Detection and effective treatments for lung infections in people with CF will contribute to the prevention of lung disease in early life. However, it can be difficult to detect the presence of infection in young children as they have few symptoms (for example, they don’t cough up any sputum) and techniques to investigate their lung health can be invasive or inaccurate. Together with the Engineering and Physical Sciences Research Council (EPSRC), the Cystic Fibrosis Trust is co-funding research at the Royal Brompton Hospital, led by Professor Jane Davies and Professor Grant Ritchie at Oxford University, to develop more accurate ways of measuring lung health in children, enabling early treatment to prevent or minimise any lung damage.

Treatment for NTM infections in CF is prolonged, has side effects and may not be effective. One area of focus within the UK CF Innovation Hub at the University of Cambridge is to develop new medicines for the treatment of NTM. The global FORMAT trial has recently been funded by the CF Foundation and other partners to generate evidence to guide the treatment of these infections. There are plans to open in the UK shortly.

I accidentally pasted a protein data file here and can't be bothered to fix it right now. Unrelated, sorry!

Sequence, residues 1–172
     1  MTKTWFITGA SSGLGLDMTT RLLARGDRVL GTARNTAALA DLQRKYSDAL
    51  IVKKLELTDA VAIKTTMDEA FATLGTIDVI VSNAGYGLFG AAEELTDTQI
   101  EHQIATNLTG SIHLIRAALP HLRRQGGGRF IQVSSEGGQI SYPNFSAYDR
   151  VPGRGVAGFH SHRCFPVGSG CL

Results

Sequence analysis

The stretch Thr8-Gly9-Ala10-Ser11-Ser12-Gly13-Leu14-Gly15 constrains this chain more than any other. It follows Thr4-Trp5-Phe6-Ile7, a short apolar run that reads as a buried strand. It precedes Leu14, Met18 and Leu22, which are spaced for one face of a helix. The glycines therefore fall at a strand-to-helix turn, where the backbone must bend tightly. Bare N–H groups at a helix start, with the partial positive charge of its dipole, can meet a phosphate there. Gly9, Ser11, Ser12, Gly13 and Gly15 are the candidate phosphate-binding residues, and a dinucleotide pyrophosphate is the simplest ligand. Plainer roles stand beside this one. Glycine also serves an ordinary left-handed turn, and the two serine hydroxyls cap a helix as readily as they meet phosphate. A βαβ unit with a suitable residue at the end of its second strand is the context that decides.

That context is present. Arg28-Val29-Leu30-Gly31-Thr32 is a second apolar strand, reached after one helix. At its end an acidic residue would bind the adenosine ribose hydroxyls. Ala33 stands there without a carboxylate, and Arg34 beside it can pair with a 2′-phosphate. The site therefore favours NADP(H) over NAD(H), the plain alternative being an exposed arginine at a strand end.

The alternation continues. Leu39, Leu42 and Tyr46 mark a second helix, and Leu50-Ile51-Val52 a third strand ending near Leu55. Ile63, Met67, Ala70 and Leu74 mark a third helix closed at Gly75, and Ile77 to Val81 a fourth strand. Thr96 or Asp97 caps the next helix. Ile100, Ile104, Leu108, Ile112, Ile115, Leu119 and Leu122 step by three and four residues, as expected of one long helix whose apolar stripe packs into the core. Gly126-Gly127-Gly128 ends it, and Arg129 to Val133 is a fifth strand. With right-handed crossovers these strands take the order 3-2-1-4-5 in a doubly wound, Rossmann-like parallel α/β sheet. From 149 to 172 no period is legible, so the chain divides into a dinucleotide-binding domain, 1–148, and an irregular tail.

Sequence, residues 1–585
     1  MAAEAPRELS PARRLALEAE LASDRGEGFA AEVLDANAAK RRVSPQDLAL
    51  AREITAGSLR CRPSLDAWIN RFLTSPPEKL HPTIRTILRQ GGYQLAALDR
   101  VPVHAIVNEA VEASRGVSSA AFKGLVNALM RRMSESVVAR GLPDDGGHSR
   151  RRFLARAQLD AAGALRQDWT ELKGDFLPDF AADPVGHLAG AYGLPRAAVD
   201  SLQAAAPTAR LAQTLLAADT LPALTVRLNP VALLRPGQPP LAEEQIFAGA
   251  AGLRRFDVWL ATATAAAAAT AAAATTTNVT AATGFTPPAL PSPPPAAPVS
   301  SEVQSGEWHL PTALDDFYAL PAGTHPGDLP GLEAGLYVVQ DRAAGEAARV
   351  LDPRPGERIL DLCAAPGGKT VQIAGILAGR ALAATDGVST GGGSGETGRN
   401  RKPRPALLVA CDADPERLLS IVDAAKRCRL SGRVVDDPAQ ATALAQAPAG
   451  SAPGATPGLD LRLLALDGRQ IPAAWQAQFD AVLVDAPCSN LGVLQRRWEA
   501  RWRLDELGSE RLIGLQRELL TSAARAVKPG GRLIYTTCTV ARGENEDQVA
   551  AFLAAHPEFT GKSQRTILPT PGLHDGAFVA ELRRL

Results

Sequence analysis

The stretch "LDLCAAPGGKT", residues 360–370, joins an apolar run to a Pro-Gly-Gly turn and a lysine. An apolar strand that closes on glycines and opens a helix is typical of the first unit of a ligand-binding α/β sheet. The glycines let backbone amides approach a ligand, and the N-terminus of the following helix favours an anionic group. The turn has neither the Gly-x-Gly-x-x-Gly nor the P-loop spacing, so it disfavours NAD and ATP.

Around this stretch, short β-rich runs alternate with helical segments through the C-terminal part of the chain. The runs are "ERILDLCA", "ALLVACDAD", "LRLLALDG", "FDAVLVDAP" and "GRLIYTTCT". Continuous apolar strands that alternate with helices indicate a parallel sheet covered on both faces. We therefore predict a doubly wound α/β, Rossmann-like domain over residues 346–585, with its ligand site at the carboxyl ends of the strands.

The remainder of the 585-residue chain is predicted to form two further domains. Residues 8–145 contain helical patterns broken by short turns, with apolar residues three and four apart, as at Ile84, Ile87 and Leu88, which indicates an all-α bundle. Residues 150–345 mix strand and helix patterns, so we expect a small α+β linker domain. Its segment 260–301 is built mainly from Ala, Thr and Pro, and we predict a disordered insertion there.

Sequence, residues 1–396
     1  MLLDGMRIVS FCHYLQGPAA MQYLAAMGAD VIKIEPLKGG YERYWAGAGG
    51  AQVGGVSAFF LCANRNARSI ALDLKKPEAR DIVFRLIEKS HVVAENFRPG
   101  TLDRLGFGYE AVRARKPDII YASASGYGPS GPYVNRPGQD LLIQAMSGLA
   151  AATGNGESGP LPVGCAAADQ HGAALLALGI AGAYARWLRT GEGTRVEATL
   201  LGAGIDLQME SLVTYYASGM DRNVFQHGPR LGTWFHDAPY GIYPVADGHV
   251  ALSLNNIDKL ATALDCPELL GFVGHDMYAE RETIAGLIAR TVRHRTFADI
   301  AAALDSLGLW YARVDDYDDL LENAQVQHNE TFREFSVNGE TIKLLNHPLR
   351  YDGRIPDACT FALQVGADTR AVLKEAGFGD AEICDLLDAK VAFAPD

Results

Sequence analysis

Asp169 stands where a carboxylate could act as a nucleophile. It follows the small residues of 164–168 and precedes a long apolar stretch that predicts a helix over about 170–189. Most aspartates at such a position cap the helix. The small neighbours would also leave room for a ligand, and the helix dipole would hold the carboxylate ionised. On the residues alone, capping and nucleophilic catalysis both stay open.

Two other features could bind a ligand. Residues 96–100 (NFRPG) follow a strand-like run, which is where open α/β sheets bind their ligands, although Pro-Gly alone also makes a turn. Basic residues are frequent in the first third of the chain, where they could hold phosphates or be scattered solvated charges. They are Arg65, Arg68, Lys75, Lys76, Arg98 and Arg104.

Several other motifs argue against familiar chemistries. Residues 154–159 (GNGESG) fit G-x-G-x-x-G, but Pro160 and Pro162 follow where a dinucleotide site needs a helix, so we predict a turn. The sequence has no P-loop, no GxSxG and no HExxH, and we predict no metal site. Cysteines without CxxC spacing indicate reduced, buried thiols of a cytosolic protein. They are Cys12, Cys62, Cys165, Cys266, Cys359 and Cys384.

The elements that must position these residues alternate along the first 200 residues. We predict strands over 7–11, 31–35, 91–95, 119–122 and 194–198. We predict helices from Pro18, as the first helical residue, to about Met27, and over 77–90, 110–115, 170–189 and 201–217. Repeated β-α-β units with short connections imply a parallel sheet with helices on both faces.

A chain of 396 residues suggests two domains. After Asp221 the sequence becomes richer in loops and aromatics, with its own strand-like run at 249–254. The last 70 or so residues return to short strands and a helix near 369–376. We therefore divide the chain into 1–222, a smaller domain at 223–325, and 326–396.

Looking to the future

Much of this research is still ongoing and due to the nature of medical research it may take some years for the results of this work to be seen as making a real difference for people with cystic fibrosis.

However, we are aware that a lot has changed for many people with CF in the last year, such as access to Kaftrio, changes in the provision of care and also delivery of research, due to the COVID pandemic, which we are likely to see the effects of for some time. In light of this, in the New Year we will once again be turning to the CF community and CF professionals and asking, ‘how have your research priorities changed?’.